The above lubricants also may contain reactive functional groups such as hydroxyl, thiol, carboxyl, carbodiimide, epoxy, aziridine, vinyl sulfone, sulfinic acid, active methylene, amino, and amide. Typical examples of compounds useful for the present invention are shown below, but the present invention is not limited by these compounds:

Carnauba Wax, Michelube 160 [Michelman Inc.]

Paraffin Wax 112/118 AMP, m.p.=46.1° C. [Frank B. Ross Inc.]

Paraffin Wax 125/130 AMP, m.p.=53.3° C. [Frank B. Ross Inc.]

Paraffin Wax 140/145 AMP, m.p.=61.1° C. [Frank B. Ross Inc.]

Ross Wax 140, m.p.=137.8° C. [Frank B. Ross Inc.]

GP-218 silicone polyol copolymer [Genesee Polymers Co.]

GP-4 silicone fluid, amine functionalized [Genesee Polymers Co.]

GP-7100 amine functional paintable silicone fluid [Genesee Polymers Co.]

GP-7200 silicone fluid, mercapto functionalized [Genesee Polymers Co.]

EXP-58 silicone wax [Genesee Polymers Co.]

EXP-61 silicone wax, amine functionalized [Genese Polymers Co.]

EXP-77 silicone wax, mercapto functionalized [Genesee Polymers Co.]

GP-7101 silicone copolymer [Genesee Polymers Co.]

BYK-331, polyether modified di-methylpolysiloxane copolymer [BYK Chemie]

BYK-371, reactive silicone additive, an acrylic functional, polyester-modified dimethylpolysiloxane [BYK Chemie]

DC-200 silicone fluid [Dow Corning Inc.]

PS099 dimethylsiloxane-bisphenol A carbonate block copolymer [Petrarch Inc.]

PS 130 polymethyloctadecylsiloxane [Petrarch Inc.]

PS 135 poly(methylhexadecyl siloxane) [Petrarch Inc.]

PS464 polydimethylsiloxane, vinylphenylmethyl terminated [Petrarch Inc.]

Ethylene glycol distearate

Ethylene glycol monostearate

Lubracal 60, Calcium stearate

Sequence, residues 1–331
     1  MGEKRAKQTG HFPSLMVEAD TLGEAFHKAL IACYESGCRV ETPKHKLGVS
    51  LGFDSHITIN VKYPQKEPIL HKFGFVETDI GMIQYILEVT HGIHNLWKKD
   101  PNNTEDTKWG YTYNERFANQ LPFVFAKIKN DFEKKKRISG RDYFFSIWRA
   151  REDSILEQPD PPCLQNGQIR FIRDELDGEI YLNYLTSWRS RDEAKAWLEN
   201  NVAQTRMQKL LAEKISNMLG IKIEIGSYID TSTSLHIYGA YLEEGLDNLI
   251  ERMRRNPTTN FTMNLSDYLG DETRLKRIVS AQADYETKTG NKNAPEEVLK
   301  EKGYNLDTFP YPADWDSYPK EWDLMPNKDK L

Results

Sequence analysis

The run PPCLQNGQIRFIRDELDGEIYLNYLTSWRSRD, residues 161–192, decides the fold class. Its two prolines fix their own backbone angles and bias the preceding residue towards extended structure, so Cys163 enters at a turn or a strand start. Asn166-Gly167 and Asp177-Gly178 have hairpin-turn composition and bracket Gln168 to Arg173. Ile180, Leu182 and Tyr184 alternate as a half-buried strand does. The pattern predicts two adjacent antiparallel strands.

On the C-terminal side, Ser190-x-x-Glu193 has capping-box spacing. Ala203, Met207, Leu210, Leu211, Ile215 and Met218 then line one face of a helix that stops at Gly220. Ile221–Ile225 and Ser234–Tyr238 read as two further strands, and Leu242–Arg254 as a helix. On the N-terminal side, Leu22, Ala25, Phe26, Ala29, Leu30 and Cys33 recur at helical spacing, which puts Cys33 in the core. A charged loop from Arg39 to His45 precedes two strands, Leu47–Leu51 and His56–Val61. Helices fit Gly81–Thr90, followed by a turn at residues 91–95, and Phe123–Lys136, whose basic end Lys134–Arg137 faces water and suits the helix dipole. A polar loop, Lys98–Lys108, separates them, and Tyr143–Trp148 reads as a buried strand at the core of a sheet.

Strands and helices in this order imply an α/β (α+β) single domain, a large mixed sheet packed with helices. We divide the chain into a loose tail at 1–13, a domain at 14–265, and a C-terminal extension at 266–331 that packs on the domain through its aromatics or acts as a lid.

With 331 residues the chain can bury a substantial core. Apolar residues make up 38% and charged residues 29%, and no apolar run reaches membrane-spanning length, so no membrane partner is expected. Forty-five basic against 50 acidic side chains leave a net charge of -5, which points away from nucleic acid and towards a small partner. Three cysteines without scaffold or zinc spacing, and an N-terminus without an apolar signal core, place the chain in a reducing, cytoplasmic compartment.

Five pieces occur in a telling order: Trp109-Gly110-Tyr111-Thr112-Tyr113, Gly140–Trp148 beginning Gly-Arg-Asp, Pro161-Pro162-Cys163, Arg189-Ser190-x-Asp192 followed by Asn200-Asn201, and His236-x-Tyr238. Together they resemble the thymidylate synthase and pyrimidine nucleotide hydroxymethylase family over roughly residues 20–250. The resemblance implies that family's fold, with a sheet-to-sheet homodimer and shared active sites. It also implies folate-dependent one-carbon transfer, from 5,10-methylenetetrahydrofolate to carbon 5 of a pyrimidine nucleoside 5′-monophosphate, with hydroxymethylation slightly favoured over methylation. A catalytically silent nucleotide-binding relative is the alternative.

Glyceryl monostearate

Silicone oils are the preferred lubricant for practicing this invention. Polydimethyl siloxane, particularly DC200 made by Dow Corning, is most preferred.

As for the suspension stabilizing agents that surround the lubricating properties and which serve in the process of this invention to prevent the coalescence of the lubricant droplets, any suitable colloidal stabilizing agent known in the art of forming polymeric particles by the limited coalescence technique can be employed such as, for example, inorganic materials such as, metal salt or hydroxides or oxides or clays, organic materials such as starches, sulfonated crosslinked organic homopolymers and resinous polymers as described, for example, in U.S. Pat. No. 2,932,629; silica as described in U.S. Pat. No. 4,833,060; copolymers such as copoly(styrene-2-hydroxyethyl methacrylate-methacrylic acid-ethylene glycol dimethacrylate) as described in U.S. Pat. No. 4,965,131, all of which are incorporated herein by reference. Silica is the preferred suspension stabilizing agent for use in accordance with this invention.